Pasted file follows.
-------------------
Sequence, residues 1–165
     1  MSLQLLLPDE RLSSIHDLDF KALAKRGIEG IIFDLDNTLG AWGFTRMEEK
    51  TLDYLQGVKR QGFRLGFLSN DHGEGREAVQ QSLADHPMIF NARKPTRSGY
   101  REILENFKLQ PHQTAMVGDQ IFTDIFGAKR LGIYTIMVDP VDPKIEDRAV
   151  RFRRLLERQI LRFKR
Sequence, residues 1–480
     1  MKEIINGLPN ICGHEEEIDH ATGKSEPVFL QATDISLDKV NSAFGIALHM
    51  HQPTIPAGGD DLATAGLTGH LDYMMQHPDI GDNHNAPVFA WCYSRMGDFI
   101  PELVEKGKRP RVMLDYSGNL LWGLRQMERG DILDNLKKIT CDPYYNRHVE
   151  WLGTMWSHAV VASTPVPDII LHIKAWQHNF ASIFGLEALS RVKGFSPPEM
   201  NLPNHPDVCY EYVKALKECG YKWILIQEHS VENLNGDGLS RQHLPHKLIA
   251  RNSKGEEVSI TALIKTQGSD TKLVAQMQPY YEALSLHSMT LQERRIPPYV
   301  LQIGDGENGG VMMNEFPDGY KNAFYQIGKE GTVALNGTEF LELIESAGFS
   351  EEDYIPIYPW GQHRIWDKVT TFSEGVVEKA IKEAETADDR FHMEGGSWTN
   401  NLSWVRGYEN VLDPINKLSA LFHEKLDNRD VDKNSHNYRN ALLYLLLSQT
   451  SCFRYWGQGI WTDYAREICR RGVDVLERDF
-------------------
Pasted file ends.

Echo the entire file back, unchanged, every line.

Sequence, residues 1–165
     1  MSLQLLLPDE RLSSIHDLDF KALAKRGIEG IIFDLDNTLG AWGFTRMEEK
    51  TLDYLQGVKR QGFRLGFLSN DHGEGREAVQ QSLADHPMIF NARKPTRSGY
   101  REILENFKLQ PHQTAMVGDQ IFTDIFGAKR LGIYTIMVDP VDPKIEDRAV
   151  RFRRLLERQI LRFKR
Sequence, residues 1–480
     1  MKEIINGLPN ICGHEEEIDH ATGKSEPVFL QATDISLDKV NSAFGIALHM
    51  HQPTIPAGGD DLATAGLTGH LDYMMQHPDI GDNHNAPVFA WCYSRMGDFI
   101  PELVEKGKRP RVMLDYSGNL LWGLRQMERG DILDNLKKIT CDPYYNRHVE
   151  WLGTMWSHAV VASTPVPDII LHIKAWQHNF ASIFGLEALS RVKGFSPPEM
   201  NLPNHPDVCY EYVKALKECG YKWILIQEHS VENLNGDGLS RQHLPHKLIA
   251  RNSKGEEVSI TALIKTQGSD TKLVAQMQPY YEALSLHSMT LQERRIPPYV
   301  LQIGDGENGG VMMNEFPDGY KNAFYQIGKE GTVALNGTEF LELIESAGFS
   351  EEDYIPIYPW GQHRIWDKVT TFSEGVVEKA IKEAETADDR FHMEGGSWTN
   401  NLSWVRGYEN VLDPINKLSA LFHEKLDNRD VDKNSHNYRN ALLYLLLSQT
   451  SCFRYWGQGI WTDYAREICR RGVDVLERDF